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How did you know and/or find out that you were aromantic?


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Hello all! I'm hoping this ends up with a lot of posts. I checked the longest posts and there wasn't a question like this.

 

What factors played into your discovery that you were aromantic? How did you know? What about your aromantic experience really told you that you could find this label meaningful/discriptive of your experience?

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I am pretty sure I have told you this story before, but to get things going, I'll start x)

I never really grew into this whole interest in relationships, partners and sex as my peers seemed to. At age 13 I was diagnosed with aspergers syndrome so it was not a big surprise that I was behind on the social development side, and my general disinterest was taken as a side effect of the diagnosis by my family so that's what I assumed. As I got into my 20s, this started seeming weird, and I thought about it some more, eventually finding the term asexual. I didn't think the definition fit me, but I found myself a microlabel that did, and now I am more comfortable in being asexual. Finding the asexual community on aven is how I came to know that aromaticism is something separate. So then I started thinking about if I was also aromantic. The confusion there is that 'romance' is hard to define. I had no idea what defined a romantic relationship once the sex was removed.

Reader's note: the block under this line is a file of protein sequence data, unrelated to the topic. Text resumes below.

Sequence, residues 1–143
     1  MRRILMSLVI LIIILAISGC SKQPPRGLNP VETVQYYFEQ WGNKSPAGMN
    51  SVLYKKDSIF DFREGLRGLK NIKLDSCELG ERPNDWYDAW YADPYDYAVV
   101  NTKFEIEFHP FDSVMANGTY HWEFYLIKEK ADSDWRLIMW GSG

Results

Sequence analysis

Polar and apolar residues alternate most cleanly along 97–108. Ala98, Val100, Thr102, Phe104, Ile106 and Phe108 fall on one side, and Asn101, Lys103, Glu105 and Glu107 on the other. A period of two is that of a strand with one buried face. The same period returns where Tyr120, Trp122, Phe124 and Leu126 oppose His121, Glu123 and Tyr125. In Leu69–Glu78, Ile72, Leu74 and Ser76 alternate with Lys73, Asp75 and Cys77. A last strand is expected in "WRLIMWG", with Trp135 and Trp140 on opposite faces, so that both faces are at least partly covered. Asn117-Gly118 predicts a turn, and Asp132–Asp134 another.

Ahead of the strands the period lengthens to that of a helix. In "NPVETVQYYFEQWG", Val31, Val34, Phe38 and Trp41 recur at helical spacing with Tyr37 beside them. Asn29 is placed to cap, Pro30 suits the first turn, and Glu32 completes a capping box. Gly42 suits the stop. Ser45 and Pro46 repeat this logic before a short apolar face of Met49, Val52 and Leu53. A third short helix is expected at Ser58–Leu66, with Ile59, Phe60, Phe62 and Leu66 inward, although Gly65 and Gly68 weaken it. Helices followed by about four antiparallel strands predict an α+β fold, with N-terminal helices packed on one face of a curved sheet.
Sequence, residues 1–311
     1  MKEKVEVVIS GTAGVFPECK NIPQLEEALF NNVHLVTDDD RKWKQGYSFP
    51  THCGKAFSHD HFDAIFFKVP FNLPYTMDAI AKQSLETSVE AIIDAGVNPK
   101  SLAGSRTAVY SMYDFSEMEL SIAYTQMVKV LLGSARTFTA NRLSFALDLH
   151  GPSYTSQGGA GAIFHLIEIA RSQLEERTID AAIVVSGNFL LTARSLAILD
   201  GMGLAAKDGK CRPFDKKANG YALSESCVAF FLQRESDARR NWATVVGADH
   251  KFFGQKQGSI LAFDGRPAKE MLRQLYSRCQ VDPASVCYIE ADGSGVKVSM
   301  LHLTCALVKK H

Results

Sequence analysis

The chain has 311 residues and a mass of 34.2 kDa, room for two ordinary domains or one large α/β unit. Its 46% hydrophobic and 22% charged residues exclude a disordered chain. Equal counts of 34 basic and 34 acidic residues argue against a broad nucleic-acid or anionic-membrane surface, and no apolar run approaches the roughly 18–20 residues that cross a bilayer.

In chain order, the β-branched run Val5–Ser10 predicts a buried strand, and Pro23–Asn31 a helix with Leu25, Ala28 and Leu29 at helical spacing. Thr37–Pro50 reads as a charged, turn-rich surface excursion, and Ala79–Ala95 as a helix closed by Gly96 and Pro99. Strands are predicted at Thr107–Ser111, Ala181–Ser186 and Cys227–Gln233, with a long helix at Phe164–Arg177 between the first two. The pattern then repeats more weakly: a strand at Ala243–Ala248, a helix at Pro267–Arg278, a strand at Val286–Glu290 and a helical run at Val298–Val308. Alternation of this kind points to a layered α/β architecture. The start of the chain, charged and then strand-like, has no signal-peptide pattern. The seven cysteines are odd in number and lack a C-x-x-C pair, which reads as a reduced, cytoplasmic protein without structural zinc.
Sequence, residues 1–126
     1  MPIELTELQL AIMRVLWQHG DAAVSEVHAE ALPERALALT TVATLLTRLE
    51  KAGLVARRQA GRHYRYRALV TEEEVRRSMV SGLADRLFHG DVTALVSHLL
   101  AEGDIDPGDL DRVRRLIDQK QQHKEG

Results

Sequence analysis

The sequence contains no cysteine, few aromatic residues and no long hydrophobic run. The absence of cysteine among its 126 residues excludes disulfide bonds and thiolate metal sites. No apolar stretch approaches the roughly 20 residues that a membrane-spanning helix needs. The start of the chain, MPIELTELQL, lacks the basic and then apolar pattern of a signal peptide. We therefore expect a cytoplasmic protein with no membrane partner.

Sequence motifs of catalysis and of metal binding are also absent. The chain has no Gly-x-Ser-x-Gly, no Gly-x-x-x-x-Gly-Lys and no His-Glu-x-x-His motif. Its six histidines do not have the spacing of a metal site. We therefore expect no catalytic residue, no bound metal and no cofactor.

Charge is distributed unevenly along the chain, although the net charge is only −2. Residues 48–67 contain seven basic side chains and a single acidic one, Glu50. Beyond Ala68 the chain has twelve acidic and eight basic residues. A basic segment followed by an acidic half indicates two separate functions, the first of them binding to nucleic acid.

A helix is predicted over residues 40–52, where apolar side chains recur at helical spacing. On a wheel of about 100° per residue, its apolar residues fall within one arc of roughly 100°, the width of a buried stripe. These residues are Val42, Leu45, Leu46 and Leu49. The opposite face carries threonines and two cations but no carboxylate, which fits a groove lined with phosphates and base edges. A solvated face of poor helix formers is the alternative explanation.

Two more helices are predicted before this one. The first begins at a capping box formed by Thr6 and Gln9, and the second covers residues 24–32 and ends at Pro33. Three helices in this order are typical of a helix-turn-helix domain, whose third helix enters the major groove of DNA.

So, still thinking about what aromanticism means and how I fit into it, I started having some sort of feelings for a friend of mine. I think this is relevant to your question, so I am going into my internal debate in detail here. On one hand, I wasn't really interested in the classic romantic, coupley stuff, but on the other I did definitely want us to be closer. I was wondering how much time it is reasonable to think about a person before you have to admit that it is a romantic feeling. But also, how much of that is heteronormativity? Is it just because a friendship between a guy and a gal are expected to turn out like that? Considering how much I have relied on my best female friend, how much a day being a good day depended on if I saw her during lunch in highschool, and I never thought that had to be romantic and neither did anyone else. Well, that was a point towards aromanticism. Anyway, those things were going through my head, and since this was an online friendship, I had only seen that guy IRL once before, and I had another trip to his city planned, I elected to wait with acting upon any of this until I had met him face to face once again and see how I felt. Before this visit, he confessed his feelings to me, and I tentatively agreed that we would be in 'sort of' a relationship, with the understanding that I had been wondering if I was aromantic and wasn't sure how this would work, and me being for-sure asexual.